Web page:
According to Section 36 of the Firearms Act 1996 (NSW), it is illegal to acquire or use an unregistered firearm in NSW and an individual is prohibited from possessing, supplying or buying one. However, if the accused can prove to the Court with the help of lawyers specialising in firearms that they had no knowledge of the firearm’s unregistered status, it can serve as a defence.

Notably, licensed firearm dealers are exempt from this offence if they register the firearm within 24 hours of acquisition. Moreover, possessing a firearm registered under the law of another state, but not in NSW, does not qualify as an offence.

Penalties for possessing, purchasing or selling an unregistered firearm include a maximum of 5 years imprisonment. If the weapon is a prohibited firearm, the punishment can be up to 14 years in prison.

Losing Firearms

Section 39 of the Firearms Act 1996 (NSW) outlines the responsibility of individuals who possess firearms to keep them secure. As per this legislation, the duty of a firearm owner includes:

  • Ensuring that the firearm is not lost or stolen.
  • Preventing unauthorised access to the firearm.

If a firearm is lost, the offender can face a maximum penalty of 12 months imprisonment or a fine of 20 penalty units, which is approximately $2,200. In cases where the firearm is a prohibited weapon, the maximum penalty can be two years imprisonment or a fine of 50 penalty units, or both.

Giving an Unauthorised Person a Firearm or a Part of a Firearm to Possess or Use

According to Section 50B of the Firearms Act 1996 (NSW), it is prohibited to transfer firearms or parts of firearms to individuals without a permit or license to possess firearms. Furthermore, if an individual receives a part of a firearm, they must have a permit and it must relate to the firearm they possess. Failure to comply with these regulations can result in a maximum penalty of 5 years imprisonment. In the case of prohibited weapons, the maximum penalty increases to 14 years imprisonment.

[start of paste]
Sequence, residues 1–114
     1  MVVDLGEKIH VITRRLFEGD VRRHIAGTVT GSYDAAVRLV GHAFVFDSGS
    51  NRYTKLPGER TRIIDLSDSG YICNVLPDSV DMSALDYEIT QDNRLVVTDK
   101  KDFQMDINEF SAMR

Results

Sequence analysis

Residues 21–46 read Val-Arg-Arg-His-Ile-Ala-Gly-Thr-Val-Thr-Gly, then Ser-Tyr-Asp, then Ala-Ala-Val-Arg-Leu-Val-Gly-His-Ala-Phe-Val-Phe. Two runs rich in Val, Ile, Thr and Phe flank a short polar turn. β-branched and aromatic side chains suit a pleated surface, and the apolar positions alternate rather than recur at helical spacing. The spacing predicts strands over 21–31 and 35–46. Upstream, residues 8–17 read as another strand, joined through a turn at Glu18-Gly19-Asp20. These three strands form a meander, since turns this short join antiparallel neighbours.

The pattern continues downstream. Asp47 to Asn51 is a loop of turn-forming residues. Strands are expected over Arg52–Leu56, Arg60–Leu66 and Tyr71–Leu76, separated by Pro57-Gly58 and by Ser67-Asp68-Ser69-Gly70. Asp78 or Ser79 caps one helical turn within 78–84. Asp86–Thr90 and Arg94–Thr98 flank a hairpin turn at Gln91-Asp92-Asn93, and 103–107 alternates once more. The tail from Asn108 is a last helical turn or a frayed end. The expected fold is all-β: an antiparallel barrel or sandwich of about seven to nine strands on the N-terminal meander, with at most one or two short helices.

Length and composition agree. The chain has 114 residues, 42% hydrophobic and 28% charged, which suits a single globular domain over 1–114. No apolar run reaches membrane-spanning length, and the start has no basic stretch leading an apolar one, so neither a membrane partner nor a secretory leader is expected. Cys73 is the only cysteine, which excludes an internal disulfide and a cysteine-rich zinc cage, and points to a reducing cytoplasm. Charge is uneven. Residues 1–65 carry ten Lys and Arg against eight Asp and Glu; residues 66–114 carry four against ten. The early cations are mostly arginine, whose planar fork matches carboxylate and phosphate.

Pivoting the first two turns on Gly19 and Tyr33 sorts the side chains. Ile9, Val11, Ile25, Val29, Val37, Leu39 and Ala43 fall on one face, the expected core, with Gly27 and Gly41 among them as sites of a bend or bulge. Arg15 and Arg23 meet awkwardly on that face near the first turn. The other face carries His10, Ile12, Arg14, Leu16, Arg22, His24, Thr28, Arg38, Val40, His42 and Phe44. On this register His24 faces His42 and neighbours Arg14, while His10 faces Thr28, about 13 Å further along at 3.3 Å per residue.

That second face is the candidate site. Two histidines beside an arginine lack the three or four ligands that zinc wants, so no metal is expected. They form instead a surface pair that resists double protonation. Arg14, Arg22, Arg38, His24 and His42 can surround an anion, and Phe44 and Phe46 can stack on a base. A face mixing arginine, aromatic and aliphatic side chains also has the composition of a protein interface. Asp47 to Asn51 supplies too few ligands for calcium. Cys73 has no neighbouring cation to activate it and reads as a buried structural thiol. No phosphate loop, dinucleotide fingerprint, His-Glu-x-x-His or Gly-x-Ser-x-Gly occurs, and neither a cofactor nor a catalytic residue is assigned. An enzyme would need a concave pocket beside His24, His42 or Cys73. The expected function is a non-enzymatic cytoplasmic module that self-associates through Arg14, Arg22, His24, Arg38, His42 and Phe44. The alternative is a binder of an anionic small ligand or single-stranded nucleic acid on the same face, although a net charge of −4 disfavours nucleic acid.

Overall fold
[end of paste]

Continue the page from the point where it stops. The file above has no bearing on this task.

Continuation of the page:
For a list of the main statutes and regulations governing sentencing of firearms offences, as well as penalties for unauthorised  possession of a firearm in each jurisdiction, not just in NSW, click here.

If you are facing gun charges in Australia, it is important to seek legal advice from experienced gun lawyers or firearms lawyers in NSW. The laws surrounding firearms offences can be complex and the penalties severe, which is why it is essential to have a firearms lawyer knowledgeable with gun charges in Australia on your side.

Jackson John Defence Lawyers is a highly experienced law firm with a proven track record of defending clients charged with firearm offences. Our team of firearms lawyers has the necessary expertise, knowledge, and skills to defend clients against a wide range of firearm offences, including but not limited to, unauthorised possession or use of firearms, possession of prohibited firearms,and supply of firearms to unauthorised persons.

We take pride in our quality of work, and we are committed to providing our clients with the best possible outcome in their case. Contact us today to schedule a consultation.